Blessed art thou, O land, when . . . thy princes eat in due season, for strength, and not for drunkenness! Eccl. 10:17
The observance of temperance and regularity in all things has a wonderful power. It will do more than circumstances or natural endowments in promoting that sweetness and serenity of disposition which count so much in smoothing life’s pathway. At the same time the power of self-control thus acquired will be found one of the most valuable equipment for grappling successfully with the stern duties and realities that await every human being.
We urge that the principles of temperance be carried into all the details of home life; . . . that self-denial and self-control should be taught to the children, and enforced upon them, so far as consistent, from babyhood.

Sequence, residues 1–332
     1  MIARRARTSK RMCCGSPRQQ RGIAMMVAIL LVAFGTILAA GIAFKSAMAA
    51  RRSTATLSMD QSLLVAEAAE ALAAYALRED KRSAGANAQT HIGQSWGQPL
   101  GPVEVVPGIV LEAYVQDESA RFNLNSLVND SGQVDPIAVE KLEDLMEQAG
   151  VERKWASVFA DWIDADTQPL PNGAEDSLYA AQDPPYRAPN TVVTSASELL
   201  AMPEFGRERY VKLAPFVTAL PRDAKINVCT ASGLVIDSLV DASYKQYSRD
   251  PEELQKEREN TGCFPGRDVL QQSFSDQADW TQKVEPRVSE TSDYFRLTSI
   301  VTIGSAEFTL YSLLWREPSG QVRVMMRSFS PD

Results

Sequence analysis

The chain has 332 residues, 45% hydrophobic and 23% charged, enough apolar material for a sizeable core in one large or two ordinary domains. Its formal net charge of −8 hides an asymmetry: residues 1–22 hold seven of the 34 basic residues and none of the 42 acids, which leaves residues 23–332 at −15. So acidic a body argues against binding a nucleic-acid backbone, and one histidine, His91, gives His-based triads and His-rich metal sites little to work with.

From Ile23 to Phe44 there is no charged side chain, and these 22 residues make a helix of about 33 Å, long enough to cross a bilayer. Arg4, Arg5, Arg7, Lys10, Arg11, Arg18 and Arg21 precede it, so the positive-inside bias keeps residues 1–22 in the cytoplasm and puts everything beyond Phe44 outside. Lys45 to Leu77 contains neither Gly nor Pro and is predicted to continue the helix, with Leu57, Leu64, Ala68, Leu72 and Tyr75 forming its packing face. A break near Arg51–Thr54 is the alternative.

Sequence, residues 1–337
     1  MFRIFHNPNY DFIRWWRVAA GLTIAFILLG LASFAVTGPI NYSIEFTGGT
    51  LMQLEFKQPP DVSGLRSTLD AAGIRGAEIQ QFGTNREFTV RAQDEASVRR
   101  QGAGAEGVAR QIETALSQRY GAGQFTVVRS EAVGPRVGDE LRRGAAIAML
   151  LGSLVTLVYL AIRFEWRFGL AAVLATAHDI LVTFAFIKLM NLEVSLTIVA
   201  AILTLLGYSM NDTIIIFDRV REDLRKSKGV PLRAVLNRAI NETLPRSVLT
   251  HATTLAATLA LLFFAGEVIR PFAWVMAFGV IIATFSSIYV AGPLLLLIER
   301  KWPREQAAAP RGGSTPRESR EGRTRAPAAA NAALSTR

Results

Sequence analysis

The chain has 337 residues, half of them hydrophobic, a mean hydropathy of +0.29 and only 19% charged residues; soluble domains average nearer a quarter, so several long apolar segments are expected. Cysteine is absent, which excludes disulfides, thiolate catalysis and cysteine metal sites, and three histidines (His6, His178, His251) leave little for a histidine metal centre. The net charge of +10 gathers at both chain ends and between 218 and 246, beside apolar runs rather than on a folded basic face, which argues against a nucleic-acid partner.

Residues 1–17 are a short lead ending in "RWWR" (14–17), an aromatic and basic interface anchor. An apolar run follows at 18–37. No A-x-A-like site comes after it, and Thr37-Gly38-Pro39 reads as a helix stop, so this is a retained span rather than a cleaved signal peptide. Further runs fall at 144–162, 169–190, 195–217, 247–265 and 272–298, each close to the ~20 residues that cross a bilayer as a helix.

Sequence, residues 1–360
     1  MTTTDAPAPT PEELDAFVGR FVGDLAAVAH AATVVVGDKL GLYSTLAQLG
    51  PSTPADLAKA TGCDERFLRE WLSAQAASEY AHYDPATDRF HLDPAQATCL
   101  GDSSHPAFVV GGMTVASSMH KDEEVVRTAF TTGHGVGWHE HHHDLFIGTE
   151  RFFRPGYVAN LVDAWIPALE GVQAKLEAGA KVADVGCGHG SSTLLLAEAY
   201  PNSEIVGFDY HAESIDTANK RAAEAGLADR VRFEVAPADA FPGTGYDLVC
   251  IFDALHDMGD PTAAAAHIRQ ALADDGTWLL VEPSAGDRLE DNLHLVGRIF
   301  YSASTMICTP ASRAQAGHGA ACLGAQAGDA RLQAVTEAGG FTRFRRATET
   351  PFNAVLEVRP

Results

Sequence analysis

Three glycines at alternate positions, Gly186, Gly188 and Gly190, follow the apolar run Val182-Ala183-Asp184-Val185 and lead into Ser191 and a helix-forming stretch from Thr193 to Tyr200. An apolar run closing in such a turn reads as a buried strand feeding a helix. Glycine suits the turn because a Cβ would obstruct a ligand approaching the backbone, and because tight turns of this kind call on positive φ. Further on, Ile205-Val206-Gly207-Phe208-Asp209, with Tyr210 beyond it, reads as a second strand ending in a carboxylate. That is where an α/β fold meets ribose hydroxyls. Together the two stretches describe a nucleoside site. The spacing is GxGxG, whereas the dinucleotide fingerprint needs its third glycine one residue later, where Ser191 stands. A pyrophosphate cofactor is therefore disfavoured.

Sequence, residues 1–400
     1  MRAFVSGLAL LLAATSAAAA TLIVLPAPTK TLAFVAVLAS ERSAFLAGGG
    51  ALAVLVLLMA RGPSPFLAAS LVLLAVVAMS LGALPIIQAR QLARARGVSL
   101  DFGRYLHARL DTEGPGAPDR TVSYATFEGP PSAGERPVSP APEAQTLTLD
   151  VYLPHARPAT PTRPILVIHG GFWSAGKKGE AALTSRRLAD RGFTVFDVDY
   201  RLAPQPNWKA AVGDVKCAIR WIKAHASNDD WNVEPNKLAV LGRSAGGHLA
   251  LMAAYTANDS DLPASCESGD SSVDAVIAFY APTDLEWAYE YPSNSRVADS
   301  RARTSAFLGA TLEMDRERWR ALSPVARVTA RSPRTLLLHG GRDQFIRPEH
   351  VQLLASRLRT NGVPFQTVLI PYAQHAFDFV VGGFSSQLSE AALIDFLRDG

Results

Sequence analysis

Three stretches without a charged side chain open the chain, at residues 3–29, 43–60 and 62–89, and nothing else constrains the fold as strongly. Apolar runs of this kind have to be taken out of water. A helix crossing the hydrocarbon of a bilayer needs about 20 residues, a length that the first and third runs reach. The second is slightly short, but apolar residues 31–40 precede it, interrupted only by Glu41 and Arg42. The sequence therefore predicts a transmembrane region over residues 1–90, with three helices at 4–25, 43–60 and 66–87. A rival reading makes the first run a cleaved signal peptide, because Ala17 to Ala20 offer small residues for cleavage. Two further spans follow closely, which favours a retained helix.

Children should be taught that they must not have their own way, but that the will of their parents must guide them. One of the most important lessons in this connection is the control of appetite. They should learn to eat at regular periods and to allow nothing to pass their lips between these stated meals. . . .
Children reared in this way are much more easily controlled than those who are indulged in eating everything their appetite craves, and at all times. They are usually cheerful, contented, and healthy. Even the most stubborn, passionate, and wayward have become submissive, patient, and possessed of self-control by persistently following up this order of diet, united with a firm but kind management in regard to other matters.
Let every youth in our land, with the possibilities before him of a destiny higher than that of crowned kings, ponder the lesson conveyed in the words of the wise man, “Blessed art thou, O land, when . . . thy princes eat in due season, for strength, and not for drunkenness!”